Book Review: Nightbird by Alice Hoffman

Star Ratings:

Characters: **** (4 stars)

Character Development: **** (4 stars)

Plot: **** (4 stars)

Writing: ***** (5 stars)

Overall: **** (4 stars)

Age range recommendation: 8-14

I’m so excited that Alice Hoffman is putting out another novel for young people!  I loved her books when I was a teenager.  She captures moments of “everyday magic” like fireflies in jars, and puts them on bookshelves to shed light on the little magical corners of mundane life.  Cursed girls, powerful sisters, dangerous misconceptions: these are common, timeless themes in Hoffman’s books.  Nightbird is like a little jam jar, stuffed to the brim with twinkling lights, that can be put on the shelf next to her more weighty books or placed on a child’s windowsill to shine alone.  (Forgive the fireflies in jars metaphor.  Night Bird made me miss the summertime.)

Nightbird is a middle grade book, appropriate for ages 8 and up.  It will come out in March, 2015.  I read an ARC of the book, so some details may change before publication.

Twig lives on an apple orchard with her beautiful mother, who bakes pink pies to be sold at the general store and diner in town.  Sidwell is a small Massachusetts town where everyone knows each other and tries to look out for their neighbors.  But Twig’s mother doesn’t want to socialize with the people in town, no matter how friendly they try to be.  Ever since she moved back home from New York City, without Twig’s father, they’ve kept mostly to themselves.  It’s not because the town will judge them for being a single-parent family; this is a supportive and fairly open-minded place.  The problem is that Twig’s family is cursed.  A witch used to live in Mourning Dove Cottage, next door to Twig’s house, and she took magical revenge upon one of their ancestors way back during the Revolutionary War.  They can’t let anybody find out what they’re hiding.  Mourning Dove Cottage has been abandoned for a long time, but now a family of new neighbors has moved in.  Fun neighbors, with a girl Twig’s age.  Despite her mother’s rule not to hang out with Julia Hall and her glamorous older sister Agate, Twig finds herself pulled into a true friendship for the first time in all her years living in Sidwell.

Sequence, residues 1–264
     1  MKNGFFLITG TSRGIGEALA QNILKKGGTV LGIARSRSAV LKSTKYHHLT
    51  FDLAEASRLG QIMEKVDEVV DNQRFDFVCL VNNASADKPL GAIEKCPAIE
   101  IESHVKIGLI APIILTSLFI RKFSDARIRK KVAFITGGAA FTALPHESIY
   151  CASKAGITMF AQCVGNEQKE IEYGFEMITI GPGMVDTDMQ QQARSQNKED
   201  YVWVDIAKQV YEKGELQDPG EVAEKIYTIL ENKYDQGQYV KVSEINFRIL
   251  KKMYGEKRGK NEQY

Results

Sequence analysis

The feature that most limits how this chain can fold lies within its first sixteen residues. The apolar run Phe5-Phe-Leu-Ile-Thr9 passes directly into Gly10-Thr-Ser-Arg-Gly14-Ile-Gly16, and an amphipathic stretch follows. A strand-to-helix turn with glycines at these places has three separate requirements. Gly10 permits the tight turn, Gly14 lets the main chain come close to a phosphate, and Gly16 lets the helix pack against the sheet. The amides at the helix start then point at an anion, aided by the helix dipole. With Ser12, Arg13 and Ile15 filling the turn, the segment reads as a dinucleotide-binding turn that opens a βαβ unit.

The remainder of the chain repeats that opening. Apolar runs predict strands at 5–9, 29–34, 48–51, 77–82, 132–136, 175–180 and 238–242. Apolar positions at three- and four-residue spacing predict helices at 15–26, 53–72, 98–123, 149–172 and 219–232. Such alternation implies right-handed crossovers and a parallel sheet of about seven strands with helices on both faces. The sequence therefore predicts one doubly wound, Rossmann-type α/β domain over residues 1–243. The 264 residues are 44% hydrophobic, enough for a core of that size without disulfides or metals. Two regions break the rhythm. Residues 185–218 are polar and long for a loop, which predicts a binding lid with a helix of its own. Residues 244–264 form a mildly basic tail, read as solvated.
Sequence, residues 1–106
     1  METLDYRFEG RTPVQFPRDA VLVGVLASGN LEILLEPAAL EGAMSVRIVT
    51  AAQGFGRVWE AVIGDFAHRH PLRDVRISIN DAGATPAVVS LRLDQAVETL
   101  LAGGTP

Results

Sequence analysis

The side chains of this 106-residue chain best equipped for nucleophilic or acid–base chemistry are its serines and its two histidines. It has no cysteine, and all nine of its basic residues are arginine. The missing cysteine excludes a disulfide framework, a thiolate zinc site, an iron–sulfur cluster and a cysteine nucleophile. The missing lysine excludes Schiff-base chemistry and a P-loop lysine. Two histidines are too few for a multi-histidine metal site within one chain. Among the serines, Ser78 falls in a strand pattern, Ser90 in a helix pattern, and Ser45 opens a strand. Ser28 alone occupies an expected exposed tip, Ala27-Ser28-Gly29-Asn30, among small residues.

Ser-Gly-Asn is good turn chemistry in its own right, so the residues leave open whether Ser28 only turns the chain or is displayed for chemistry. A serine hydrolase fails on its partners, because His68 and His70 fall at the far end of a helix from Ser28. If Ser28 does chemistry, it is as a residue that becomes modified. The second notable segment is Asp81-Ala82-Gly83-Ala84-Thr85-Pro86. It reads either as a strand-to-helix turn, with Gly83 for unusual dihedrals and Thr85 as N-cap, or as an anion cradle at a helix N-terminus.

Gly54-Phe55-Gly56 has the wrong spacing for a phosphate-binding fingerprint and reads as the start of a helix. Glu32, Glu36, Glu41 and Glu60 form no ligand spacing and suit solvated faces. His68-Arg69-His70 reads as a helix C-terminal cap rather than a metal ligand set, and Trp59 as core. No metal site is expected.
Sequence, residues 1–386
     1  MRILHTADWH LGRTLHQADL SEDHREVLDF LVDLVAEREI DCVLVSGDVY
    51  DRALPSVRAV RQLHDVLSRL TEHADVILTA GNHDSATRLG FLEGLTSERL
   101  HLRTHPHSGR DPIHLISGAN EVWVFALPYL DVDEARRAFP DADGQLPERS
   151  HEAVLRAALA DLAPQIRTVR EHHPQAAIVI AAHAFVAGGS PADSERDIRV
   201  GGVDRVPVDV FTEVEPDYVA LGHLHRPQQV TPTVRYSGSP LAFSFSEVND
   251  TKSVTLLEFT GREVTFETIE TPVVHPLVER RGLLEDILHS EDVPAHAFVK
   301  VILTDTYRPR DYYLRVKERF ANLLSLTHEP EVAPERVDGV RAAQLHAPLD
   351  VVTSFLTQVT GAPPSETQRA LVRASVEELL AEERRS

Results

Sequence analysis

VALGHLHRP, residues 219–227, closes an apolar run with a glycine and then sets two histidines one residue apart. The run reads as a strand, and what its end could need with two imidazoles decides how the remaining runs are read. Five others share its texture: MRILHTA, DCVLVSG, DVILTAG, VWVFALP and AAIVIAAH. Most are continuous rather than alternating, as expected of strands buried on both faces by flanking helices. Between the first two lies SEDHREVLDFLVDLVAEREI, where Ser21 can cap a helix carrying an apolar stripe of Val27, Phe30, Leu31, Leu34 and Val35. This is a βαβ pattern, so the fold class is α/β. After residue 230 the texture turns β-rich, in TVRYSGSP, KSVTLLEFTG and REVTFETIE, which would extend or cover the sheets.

But there might be a reason for all the secrecy. Their town is supposedly home to a monster.  The Sidwell Monster appears on goofy tourist tee shirts and features in local legends, but there’s definitely something truly strange making appearances and stealing from peoples’ yards.  Strange graffiti has been showing up on rocks in the forest.  Twig knows the woods better than anybody, or so she thinks, but change is stirring among the trees as well as within town.  In between her efforts to keep her family’s secret safe and discover who might be creating the mysterious disturbances, Twig and Julia start learning about Agnes Early’s curse, and how it ties their families together.  The girls are helped by a mysteriously knowledgeable librarian, a secretive journalist who’s new to town, a perceptive old man, and someone (or something) else, as they do their best to keep Sidwell from caving in to old fears and new threats.

Loving Hoffman’s typical themes and patterns as I do, I kind of knew what to expect when I read Nightbird. Good characters, small miracles, and complex family relationships.  It’s a quick book, with a story and setting you can fall into as easily as hopping down from your favorite tree branch.  (Thank goodness it wasn’t terribly long, as I had only one night to read it before attending a dinner to celebrate Hoffman’s new work.  Thank goodness, too, that the book was completely worth celebrating.)   Sidwell was brought to life beautifully; both nature and the town hide sorrow and wonder beneath their surfaces. Parts of it reminded me of my home, even though I’m not very near the Berkshires, just by virtue of that small-town love for a place.  Any town with a wise librarian is a town worth reading about, and Miss Larch does not disappoint.